Color
Color Range  Lab Report
Create Image by Including/Excluding Range of R, G, B, H, S, V values
Shown above are the pixels from a tulip image that have 10 <= Hue <= 60 and 128 <= Value <= 255

Purpose
The purpose of this program is to show how to include (or exclude) a color cube of RGB values, or a range of HSV values, from an image.

Background
When working with a picture of a real-world object, changing one color to another might seem like a trivial bitmap manipulation.  But a single image can have thousands of colors (unique RGB triples).  For example, the original tulip picture above has over 42,000 colors in it, with the "yellow" part (shown above) of the tulip containing over 26,000 colors!

Instead of selecting a single R-G-B triple, often a small color cube with a range of R-G-B values must be selected for change.  In addition to working with RGB color space, other color spaces, such as HSV (Hue-Saturation-Value), are useful.

With HSV color space, a Hue of 0 degrees is red, 60 is yellow, 120 is green, 180 is cyan, 240 is blue and 300 degrees is magenta.  Saturation and Value range from 0 to 255.  The "dark yellow" pixels are rejected above by only selecting "Values" above 128.

Materials and Equipment

Software Requirements
Windows 95/98/NT
Delphi 3/4  (to recompile)
ColorRange.EXE
Test Images:  Tulip1, Mandrill or Parrots BMPs

Hardware Requirements
1024-by-768 display in High Color or True Color Mode

Procedure

  1. Double click on the ColorRange.Exe icon to start the program.
  2. Press the Load button and select a sample bitmap such as Tulip1.BMP.   (BMPs or JPGs can be used.)
  3. If the image is smaller than, or larger than, the 640-by-480 area on the screen, select the Stretch Checkbox so the image fills the area.
  4. Move the cursor over the image to observe the R, G, B or H, S, V values.
  5. Select ranges of R, G, B, H, S, V by first selecting the corresponding Checkbox and then using the SpinEdit boxes to specify minimum and maximum values.   (Note:  Hue minimum values can be negative.  For example a Hue range from -20 to +20 can be specified for a broader range of "red" colors.)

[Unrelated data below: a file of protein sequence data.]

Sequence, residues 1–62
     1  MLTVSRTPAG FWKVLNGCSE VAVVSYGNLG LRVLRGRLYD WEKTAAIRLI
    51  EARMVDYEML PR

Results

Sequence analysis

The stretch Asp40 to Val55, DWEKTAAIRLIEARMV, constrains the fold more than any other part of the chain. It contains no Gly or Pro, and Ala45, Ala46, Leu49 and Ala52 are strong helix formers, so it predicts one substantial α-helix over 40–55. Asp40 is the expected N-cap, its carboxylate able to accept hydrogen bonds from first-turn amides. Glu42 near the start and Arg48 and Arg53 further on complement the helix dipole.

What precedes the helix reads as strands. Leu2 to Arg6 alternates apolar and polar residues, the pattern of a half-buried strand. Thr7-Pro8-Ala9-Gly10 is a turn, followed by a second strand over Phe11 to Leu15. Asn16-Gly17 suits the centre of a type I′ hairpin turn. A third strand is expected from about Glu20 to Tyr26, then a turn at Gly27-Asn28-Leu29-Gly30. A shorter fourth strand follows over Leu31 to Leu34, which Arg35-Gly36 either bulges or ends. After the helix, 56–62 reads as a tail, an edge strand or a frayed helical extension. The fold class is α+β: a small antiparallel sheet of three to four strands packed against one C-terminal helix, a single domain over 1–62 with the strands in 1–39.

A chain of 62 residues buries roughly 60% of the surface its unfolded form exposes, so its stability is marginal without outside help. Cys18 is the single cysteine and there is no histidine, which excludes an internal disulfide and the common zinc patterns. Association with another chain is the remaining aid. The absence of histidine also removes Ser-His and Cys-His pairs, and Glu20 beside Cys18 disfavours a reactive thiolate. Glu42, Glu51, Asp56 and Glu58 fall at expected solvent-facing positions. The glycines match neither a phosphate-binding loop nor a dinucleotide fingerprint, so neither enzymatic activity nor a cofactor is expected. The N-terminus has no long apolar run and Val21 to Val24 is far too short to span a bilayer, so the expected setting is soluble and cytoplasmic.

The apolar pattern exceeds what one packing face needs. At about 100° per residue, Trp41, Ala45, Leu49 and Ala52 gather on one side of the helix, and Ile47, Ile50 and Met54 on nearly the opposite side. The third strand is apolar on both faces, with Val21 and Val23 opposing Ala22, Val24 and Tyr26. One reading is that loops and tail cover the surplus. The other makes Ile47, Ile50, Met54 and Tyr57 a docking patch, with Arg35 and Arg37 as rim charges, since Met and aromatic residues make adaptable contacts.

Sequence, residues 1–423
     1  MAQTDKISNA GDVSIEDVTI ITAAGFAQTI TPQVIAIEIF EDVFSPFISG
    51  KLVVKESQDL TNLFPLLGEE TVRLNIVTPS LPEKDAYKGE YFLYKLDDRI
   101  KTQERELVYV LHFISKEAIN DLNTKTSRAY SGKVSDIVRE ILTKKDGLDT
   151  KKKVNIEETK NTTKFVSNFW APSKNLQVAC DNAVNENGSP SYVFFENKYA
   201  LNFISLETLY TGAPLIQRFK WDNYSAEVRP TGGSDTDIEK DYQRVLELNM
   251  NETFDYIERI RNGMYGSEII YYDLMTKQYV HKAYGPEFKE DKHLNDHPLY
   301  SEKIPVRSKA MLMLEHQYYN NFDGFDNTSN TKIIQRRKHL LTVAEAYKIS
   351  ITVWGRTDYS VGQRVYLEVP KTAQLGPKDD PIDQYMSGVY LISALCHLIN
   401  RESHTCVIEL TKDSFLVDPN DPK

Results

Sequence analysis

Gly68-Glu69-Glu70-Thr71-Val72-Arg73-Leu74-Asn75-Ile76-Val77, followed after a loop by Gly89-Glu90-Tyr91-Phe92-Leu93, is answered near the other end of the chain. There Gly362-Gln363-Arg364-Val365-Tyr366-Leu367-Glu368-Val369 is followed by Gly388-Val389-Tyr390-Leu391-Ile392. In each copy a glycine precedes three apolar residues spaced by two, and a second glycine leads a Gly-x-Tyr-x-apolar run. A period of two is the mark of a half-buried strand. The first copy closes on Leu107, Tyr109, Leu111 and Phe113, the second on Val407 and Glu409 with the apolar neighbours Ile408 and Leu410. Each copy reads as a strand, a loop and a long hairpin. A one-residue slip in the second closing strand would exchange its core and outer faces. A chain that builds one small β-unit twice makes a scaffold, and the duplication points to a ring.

6. Select the Exclude Color by clicking on the  TShape area and selecting a color from the TColorDialog
  7. Select the Include or Exclude radio button, if desired.
  8. After the R, G, B, H, S and V ranges and the Exclude Color have been specified, click on the Update button to see the resulting image. 
  9. If desired, save the resulting image by pressing the Save Button.

Discussion
Compare the Tulip image shown above with the one from specifying only a range of Red from 125-255.  The two images are very similar.  Since Yellow = Red + Green, a high value of red alone is fairly useful here.

Experiment with the "famous" Mandrill monkey picture.  In particular, the "red" nose can be extracted with Hue from -20 - +20 and Value from 200-255.  The "blue" cheeks can be extracted with Hue from 190-280 and Value from 128-255.

ScreenColorRangeMandrillNose.jpg (16087 bytes) ScreenColorRangeMandrillCheeks.jpg (22781 bytes)

At present ColorRange only loads BMP or JPG files. With some minor changes, WMF and EMF files could also be loaded.  For GIF support you will need a GIF component such as TGIFImage from Anders Melander.  Change the conditional compilation value to GIF and extend the file types allowed by OpenPictureDialog's filter.

A ColorRange.INI file "remembers" the last directory used by this program.

Instead of using a TImage, FormCreate creates a TSensitiveImage object using Bevel1 to define its size and position.  The main feature of TSensitiveImage is that it "knows" when a cursor is over it (based on cm_MouseEnter and   cm_MouseLeave events) so the spatial coordinates and RGB and HSV values can be displayed.  TSensitiveImage can also blank these values automatically when a cm_MouseLeave event occurs.

The use of TSensitiveImage was an experiment to avoid the use of a slightly modified VCL component that required being installed on the component palette.   Adding countless components to the component palette, and keeping them configured the same way on multiple machines, seems to be a poor design and practice from a software engineering standpoint.  However, as this experiment with TSensitiveImage showed, modifying an existing VCL component programmatically doesn't seem to be a good practice either.  Extending an existing VCL object for a one-time special purpose shouldn't clutter the component palette, yet there doesn't seem to be good alternatives at present.

Conclusions
Changing a "single color" in an image of a real-world object usually doesn't make any sense.  A range of values must be changed, which can be represented by a small color "cube" (or box) in RGB space, or a range of HSV values.


Keywords
RGB, HSV, TSensitiveImage (modified TImage), cm_MouseEnter, cm_MouseLeave, LoadGraphicsFile (loads BMP, JPG, WMF, EMF, or GIF), TColorDialog, TOpenPictureDialog, TSavePictureDialog, TIniFile, RGBTripleToHSV, TBevel

Files
Delphi 3/4 Source and EXE (219 KB): ColorRange.ZIP
(D3 EXE is 368 KB, D4 EXE is 466 KB)

24-bit color BMP test images:
Mandrill.ZIP (737 KB)
Parrots.ZIP (200 KB)


Updated 26 Feb 2005


since 8 Nov 1998